From the CMS e-commentary
during this period and had a very long lifetime."
Yes, but only for about two minutes, then they were dumped because the protection system was acting up. That's a major PITA when running such machines. The protection system is overly sensitive and needs to be carefully tuned to safely detect "safe" conditions and only report minor deviations. Since it has never been run at that energy with beam it it, there are still a few things to sort out, which needs a bit of time (and a certain amount of trial and error). Well, better safe than sorry.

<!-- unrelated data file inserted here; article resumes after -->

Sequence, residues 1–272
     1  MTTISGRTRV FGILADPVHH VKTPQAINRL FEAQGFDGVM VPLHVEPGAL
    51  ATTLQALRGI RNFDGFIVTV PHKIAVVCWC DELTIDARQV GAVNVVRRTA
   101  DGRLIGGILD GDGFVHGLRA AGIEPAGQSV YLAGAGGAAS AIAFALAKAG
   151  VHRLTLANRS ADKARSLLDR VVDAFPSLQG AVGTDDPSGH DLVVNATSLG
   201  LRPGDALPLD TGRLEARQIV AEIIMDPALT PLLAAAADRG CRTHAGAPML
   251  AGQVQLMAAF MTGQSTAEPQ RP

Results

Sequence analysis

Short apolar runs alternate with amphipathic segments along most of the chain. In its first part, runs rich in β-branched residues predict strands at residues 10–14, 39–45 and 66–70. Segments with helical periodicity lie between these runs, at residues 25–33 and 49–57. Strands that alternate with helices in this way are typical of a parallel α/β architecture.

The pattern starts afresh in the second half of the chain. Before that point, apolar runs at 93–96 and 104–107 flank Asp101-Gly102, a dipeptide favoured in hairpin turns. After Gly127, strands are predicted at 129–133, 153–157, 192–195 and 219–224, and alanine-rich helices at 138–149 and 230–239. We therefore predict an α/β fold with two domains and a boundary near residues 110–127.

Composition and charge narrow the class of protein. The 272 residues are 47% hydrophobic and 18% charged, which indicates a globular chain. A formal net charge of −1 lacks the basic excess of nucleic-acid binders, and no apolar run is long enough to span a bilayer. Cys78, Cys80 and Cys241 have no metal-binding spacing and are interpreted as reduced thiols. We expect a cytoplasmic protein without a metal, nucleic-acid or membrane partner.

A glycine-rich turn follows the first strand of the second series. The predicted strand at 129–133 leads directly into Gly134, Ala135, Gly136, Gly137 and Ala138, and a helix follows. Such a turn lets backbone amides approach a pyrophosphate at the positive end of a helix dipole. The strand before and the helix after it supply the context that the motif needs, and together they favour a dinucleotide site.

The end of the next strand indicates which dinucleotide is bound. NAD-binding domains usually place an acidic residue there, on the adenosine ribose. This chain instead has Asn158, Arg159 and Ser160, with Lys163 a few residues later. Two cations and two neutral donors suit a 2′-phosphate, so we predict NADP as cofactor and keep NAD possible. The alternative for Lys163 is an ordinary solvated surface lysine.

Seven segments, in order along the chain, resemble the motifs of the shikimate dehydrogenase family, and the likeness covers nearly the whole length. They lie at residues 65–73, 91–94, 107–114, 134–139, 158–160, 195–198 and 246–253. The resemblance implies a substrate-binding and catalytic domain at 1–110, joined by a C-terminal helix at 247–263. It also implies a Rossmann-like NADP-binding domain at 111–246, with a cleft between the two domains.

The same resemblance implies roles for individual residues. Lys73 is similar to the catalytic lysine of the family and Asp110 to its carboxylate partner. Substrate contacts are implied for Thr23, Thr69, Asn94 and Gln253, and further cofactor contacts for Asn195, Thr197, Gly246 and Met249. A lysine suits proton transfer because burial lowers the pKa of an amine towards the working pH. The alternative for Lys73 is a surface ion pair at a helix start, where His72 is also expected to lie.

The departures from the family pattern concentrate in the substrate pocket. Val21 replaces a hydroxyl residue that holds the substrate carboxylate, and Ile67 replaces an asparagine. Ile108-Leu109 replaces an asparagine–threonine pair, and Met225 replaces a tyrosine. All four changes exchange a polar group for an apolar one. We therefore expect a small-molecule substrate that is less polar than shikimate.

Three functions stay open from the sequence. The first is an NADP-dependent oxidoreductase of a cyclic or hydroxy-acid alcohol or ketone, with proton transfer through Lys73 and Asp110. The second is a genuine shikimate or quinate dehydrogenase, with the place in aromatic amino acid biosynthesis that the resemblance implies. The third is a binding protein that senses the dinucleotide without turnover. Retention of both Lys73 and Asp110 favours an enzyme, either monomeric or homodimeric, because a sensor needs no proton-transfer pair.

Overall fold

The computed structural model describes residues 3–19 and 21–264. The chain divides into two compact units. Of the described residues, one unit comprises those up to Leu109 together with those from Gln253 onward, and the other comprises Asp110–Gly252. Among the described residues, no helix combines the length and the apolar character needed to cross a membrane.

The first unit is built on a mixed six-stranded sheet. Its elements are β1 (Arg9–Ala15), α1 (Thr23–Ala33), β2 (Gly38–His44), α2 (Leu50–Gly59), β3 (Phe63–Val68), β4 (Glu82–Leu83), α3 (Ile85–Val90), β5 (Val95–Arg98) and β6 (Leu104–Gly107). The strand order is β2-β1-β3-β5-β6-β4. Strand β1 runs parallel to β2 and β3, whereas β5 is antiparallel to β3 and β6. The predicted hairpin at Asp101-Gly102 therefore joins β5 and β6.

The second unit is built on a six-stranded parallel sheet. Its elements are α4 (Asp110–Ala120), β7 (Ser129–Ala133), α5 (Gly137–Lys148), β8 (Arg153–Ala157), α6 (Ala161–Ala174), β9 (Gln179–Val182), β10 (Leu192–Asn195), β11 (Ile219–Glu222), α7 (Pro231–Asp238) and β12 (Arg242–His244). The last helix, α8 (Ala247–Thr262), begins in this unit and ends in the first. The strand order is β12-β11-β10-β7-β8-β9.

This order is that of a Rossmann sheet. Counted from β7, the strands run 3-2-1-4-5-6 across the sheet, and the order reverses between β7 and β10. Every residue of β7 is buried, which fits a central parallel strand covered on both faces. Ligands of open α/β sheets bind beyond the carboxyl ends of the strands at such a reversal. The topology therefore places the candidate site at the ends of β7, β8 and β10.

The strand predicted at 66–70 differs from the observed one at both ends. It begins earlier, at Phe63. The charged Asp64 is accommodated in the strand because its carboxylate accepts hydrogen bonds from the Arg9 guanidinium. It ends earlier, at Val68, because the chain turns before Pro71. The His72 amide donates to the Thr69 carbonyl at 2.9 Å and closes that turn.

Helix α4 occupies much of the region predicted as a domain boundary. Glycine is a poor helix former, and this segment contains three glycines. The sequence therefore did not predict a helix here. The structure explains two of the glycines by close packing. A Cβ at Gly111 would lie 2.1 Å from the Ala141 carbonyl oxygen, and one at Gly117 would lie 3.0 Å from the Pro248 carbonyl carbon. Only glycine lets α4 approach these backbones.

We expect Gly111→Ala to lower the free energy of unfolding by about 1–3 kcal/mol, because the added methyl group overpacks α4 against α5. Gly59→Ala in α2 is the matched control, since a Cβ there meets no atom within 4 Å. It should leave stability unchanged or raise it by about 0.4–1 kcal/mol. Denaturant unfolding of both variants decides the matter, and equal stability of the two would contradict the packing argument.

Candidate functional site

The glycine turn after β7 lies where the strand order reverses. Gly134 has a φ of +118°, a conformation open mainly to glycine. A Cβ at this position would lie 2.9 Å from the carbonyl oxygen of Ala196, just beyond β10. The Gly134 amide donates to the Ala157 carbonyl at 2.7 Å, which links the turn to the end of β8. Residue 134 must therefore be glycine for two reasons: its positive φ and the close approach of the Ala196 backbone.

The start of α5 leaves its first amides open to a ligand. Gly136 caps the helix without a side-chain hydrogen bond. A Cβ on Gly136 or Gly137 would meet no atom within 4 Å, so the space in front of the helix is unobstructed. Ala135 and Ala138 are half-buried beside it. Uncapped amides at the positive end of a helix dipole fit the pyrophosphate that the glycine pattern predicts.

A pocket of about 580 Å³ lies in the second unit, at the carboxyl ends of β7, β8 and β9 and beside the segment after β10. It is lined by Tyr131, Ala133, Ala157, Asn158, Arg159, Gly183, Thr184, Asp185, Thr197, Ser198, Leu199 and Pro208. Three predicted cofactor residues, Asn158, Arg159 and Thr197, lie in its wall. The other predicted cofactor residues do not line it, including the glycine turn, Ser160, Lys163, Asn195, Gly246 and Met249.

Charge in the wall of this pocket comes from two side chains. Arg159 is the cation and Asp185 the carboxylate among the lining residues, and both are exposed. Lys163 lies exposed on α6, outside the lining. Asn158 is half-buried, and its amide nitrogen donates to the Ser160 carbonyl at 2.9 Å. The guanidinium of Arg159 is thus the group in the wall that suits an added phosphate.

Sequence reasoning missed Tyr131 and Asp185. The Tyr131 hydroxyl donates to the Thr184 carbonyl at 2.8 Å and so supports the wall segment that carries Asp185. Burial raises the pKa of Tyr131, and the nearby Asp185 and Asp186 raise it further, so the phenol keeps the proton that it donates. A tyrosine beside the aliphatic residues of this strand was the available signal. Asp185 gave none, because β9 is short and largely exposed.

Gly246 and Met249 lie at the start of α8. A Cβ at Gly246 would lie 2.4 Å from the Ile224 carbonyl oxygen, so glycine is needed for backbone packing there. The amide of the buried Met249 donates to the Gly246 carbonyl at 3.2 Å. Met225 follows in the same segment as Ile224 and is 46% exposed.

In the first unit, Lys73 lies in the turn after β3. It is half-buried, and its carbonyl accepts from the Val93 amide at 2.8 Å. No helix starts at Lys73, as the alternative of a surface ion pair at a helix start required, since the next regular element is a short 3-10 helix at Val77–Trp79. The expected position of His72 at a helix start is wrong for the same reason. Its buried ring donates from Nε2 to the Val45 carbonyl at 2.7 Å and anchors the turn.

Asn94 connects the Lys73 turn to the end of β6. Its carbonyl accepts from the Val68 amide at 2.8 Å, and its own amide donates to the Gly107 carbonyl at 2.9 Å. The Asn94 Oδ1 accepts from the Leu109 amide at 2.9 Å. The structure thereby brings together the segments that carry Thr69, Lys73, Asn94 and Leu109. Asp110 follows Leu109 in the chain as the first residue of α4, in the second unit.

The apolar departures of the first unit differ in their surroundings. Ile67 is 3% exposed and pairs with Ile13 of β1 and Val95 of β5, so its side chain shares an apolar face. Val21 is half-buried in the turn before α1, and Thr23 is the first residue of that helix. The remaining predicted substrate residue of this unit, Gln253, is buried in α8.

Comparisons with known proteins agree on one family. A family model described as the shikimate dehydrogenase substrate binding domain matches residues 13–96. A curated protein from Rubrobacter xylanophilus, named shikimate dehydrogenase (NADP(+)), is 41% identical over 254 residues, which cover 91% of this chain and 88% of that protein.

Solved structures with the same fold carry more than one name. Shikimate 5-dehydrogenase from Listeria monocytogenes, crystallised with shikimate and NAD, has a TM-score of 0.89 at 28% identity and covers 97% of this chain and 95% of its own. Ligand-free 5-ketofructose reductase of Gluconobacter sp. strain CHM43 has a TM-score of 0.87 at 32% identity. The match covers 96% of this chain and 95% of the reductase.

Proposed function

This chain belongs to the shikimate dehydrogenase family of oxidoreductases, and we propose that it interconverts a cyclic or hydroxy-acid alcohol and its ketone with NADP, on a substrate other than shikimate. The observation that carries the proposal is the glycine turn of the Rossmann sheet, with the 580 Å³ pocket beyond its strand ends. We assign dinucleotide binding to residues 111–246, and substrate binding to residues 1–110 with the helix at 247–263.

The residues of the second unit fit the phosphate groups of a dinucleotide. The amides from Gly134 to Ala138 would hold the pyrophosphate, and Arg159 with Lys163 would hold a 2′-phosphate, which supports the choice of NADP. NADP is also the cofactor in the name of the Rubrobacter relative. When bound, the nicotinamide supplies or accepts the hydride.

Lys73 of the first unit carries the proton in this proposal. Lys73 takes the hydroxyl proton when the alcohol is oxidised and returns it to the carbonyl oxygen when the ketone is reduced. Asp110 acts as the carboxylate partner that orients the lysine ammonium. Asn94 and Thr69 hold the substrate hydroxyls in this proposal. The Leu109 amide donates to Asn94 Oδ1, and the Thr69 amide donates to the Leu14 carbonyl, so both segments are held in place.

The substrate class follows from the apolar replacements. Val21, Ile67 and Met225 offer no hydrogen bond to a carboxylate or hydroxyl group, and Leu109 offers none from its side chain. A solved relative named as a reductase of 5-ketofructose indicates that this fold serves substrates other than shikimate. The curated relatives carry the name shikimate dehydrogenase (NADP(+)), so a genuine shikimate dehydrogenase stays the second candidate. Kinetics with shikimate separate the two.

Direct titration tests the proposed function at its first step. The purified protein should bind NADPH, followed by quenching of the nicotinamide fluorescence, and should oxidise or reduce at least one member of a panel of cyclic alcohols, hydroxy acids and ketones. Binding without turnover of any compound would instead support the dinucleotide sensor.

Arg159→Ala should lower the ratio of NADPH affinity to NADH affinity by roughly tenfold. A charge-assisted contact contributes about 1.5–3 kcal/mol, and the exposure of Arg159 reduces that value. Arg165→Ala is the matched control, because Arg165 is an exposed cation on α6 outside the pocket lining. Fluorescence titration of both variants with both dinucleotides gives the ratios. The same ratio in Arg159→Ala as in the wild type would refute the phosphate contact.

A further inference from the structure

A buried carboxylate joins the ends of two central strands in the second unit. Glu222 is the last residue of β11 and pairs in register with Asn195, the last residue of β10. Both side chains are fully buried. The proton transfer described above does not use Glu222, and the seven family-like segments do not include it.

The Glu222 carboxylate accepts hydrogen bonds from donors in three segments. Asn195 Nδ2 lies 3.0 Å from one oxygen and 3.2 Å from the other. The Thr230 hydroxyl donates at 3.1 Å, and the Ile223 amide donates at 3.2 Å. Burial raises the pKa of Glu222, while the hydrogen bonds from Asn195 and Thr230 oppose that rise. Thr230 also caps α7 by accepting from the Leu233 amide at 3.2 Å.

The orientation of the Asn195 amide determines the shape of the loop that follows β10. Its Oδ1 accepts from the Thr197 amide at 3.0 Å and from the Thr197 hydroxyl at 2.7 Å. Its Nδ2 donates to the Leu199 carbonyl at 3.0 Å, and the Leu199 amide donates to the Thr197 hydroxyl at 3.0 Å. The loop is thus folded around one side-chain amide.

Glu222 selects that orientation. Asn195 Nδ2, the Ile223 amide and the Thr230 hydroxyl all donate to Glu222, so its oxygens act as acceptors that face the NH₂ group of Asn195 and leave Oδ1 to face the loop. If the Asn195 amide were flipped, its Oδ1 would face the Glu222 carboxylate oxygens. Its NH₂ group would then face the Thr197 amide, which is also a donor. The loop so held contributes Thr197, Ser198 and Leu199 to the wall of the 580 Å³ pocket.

And, by the way. The beams were stable is not what is meant by the term "stable beams". The latter usually refers to the state when they are actually declared stable by LHC operations. When they are declared stable, the experiments can safely turn on their detectors since LHC then guarantees that no beam will go awry and shoot particles into sensitive parts while they are on high voltage. When LHC declares stable beams, this usually means that they are well measured, well positioned and brought to collisions. The "stable" referred to in the blog just means that they were staying in the LHC and not getting into troublesome resonances and scratching collimators and such. (which is a good thing, since beam optics depend on the beam energy, which means LHC was able to keep things under control while ramping, which by the way they did in an amazing short amount of total ramp attempts, which IIRC you can count on one hand)